Saturday, 22 June 2019

THEATRE REVIEW: The Haunting Of Blaine Manor - Waterside Theatre, Sale, Greater Manchester


Beware of Blaine Manor. This was a place permanently fixed in the past, haunted by the past, and can even awaken your deepest and darkest past. 1950s Hollywood meets classic, periodic ghost story - with some unforeseen and clever twists at the end. Surprising turns which completely re-frame the whole story and turn the play on its decapitated head. It’s this that makes the play so watchable.

Written and directed by Joe O’Byrne, 'The Haunting Of Blaine Manor', brought to us by "Tales from Paradise Heights", is embarking on a UK tour. This includes a future performance at Whitby Pavilion on Halloween. An ideal location for this play because of its paranormal past. It’s also the frightening date when we’re meant to be leaving the EU. Anyway moving on, tonight was only the second performance of the tour. It showed because tonight’s performance was lacking in palpable tension and chilling atmosphere. This may develop during the tour as the ensemble of actors play with the script more.

England, 1953… meet Doctor Roy Earle (Peter Slater), a famous American parapsychologist, who is always on the lookout to give rational explanations for hauntings and expose fake mediums. He has been invited to attend a séance in what is deemed to be the most haunted building in England, Blaine Manor. His arrival comes with a closely guarded past that awakens an evil force within the walls of the manor. One significant wall is actually the fourth wall on stage, a nice touch. As a raging storm closes off Blaine Manor from the rest of civilisation, we learn things that are more disturbing than the house itself.

Slater gave a considered interpretation of Earle: a person who didn’t give much away and he distanced himself from others. His American accent dropped off now and then on certain sounds, sadly. Vivian Rutledge was played by Jo Haydock with attention to detail on physical characterisation. However, it felt like she was just there to interrogate Earle for most of it, there wasn’t much more depth to her than that. Andrew Yates oozes just the right amount of eccentricity as Cairo. Completing the ensemble were: Ed Barry, Phil Dennison, and Joe O’Byrne himself. O’Byrne’s ability to act cool, calm, and collected as the ghost called Grady made his presence all the more intimidating.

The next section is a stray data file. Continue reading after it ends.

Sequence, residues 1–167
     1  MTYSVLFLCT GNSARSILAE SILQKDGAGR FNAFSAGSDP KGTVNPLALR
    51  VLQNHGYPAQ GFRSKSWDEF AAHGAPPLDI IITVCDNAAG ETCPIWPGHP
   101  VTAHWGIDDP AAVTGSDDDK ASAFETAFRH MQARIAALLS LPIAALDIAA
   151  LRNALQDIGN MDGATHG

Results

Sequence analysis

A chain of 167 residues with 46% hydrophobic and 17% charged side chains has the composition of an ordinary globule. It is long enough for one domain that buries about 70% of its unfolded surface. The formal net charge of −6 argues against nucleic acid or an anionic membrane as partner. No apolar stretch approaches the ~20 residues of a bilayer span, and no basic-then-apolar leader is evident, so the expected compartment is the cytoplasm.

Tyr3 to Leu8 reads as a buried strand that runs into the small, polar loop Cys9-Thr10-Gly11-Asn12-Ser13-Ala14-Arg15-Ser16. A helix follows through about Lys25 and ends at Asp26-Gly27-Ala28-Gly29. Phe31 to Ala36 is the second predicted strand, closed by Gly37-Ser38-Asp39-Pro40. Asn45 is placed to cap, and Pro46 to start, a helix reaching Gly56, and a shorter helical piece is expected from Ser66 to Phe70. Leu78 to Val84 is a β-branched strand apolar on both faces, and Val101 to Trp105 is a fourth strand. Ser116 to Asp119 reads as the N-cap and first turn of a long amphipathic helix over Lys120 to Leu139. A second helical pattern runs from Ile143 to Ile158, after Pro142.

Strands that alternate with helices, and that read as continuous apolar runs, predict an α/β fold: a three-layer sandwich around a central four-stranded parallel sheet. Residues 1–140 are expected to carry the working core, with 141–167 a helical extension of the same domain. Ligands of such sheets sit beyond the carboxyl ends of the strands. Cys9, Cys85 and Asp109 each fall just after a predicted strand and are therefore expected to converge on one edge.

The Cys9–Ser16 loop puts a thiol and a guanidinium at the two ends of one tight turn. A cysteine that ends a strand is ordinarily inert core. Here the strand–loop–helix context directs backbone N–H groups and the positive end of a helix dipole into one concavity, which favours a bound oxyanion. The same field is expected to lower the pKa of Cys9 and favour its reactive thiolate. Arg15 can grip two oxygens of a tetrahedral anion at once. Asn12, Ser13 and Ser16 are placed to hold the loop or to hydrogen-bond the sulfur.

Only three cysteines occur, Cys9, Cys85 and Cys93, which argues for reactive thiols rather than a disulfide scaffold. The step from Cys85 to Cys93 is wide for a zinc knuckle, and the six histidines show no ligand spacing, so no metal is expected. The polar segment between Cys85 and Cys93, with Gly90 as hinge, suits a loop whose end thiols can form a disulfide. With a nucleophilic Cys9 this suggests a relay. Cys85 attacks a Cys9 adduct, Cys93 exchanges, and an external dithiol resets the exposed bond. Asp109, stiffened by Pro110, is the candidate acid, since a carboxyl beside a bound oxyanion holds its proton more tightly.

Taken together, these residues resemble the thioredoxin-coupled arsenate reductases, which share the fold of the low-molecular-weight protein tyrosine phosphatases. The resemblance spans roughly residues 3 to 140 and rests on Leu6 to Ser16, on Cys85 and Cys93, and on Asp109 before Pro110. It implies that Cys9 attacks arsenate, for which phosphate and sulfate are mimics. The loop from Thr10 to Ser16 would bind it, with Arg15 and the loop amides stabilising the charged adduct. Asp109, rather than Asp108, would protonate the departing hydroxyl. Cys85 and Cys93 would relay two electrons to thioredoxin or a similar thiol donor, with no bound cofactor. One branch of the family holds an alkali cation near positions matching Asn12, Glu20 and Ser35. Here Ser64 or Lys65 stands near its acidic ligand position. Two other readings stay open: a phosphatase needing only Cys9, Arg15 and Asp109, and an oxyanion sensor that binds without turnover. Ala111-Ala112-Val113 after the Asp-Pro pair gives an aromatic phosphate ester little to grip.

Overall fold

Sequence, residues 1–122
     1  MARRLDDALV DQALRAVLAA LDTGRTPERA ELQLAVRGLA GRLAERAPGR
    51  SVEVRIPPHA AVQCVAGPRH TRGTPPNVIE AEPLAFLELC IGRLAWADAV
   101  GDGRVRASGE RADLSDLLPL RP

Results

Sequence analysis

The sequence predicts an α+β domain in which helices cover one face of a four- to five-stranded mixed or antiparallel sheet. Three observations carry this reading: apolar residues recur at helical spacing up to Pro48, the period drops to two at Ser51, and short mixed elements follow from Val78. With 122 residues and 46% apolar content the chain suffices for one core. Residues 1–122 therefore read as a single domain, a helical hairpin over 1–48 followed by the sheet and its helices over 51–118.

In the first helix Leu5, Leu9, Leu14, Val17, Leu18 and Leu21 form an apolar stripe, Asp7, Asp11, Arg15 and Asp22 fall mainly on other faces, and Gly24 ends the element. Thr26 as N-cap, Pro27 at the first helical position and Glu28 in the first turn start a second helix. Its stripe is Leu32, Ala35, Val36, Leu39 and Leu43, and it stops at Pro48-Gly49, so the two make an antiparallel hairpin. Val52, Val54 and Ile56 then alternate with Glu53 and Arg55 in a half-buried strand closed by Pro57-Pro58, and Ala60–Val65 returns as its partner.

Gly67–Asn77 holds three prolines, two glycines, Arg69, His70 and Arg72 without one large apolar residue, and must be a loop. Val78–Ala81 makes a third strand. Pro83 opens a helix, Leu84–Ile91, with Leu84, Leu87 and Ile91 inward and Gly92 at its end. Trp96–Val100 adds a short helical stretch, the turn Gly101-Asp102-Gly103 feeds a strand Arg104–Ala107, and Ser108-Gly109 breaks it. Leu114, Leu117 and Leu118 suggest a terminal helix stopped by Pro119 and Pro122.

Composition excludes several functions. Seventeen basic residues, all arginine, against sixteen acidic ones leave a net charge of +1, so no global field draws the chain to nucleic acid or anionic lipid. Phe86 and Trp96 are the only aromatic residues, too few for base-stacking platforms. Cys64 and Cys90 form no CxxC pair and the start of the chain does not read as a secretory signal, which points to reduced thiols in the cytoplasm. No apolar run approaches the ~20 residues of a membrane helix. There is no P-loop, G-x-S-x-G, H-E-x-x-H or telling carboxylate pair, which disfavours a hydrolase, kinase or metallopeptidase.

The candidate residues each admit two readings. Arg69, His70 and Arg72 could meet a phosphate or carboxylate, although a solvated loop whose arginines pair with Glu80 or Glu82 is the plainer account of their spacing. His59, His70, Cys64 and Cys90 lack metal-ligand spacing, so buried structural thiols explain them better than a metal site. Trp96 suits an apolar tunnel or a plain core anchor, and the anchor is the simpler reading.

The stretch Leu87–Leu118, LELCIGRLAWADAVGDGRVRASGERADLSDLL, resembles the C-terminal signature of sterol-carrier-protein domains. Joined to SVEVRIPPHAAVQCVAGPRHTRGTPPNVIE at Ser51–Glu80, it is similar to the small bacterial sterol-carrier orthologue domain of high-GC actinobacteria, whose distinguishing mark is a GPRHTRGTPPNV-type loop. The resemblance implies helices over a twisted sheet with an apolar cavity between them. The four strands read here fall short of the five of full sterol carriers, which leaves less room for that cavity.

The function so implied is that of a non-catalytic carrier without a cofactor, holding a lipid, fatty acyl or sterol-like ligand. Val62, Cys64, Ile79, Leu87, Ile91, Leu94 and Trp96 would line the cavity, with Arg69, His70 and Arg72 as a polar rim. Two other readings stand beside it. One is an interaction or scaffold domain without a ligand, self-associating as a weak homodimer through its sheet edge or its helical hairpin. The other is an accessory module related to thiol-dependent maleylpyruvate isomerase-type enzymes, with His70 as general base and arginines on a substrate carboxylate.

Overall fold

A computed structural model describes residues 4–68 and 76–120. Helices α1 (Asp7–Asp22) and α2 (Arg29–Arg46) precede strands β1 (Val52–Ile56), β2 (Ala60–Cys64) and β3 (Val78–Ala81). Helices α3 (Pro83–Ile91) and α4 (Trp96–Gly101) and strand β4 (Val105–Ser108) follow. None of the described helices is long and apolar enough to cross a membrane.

Just a minor note, I think we could have walked in to the theatre with the stage curtains closed. What ended up happening was they were open, then the curtains closed and re-opened again, when the show began. The opulent-looking haunted manor house set, featuring macabre objects like a skull, looked aesthetically pleasing against the black curtains.

Unfortunately, I can’t help but compare this production to The Woman In Black, which is petrifying and spine-chilling in its simplicity and less is more approach. The lighting and sound in this production, as designed by David Heald and Justin Wetherill, was overdone. With the lighting, it didn’t need the chosen colour scheme as it looked inauthentic and cartoonish. Now, the high volume of the sound did make people jump out of their seat, but the design was layered with lots of ideas, particularly in the soundscapes.

The writing was made strong by the closing plot-twists; just when you thought you knew what was going to happen, you were way off the mark. For those who have seen this play, there were smart references to the story of Hamlet. Some of the writing in the script, especially in the first act, was somewhat superfluous as it seemed to be there to add time to the play. Nevertheless, the historical context around witches and witchcraft was interesting.

In summary: While this play won’t haunt you in your sleep and the ensemble don’t generate the kind of atmosphere you would expect, the writing makes up for it. It was worth watching.

Reviewer - Sam Lowe
on  21/6/19

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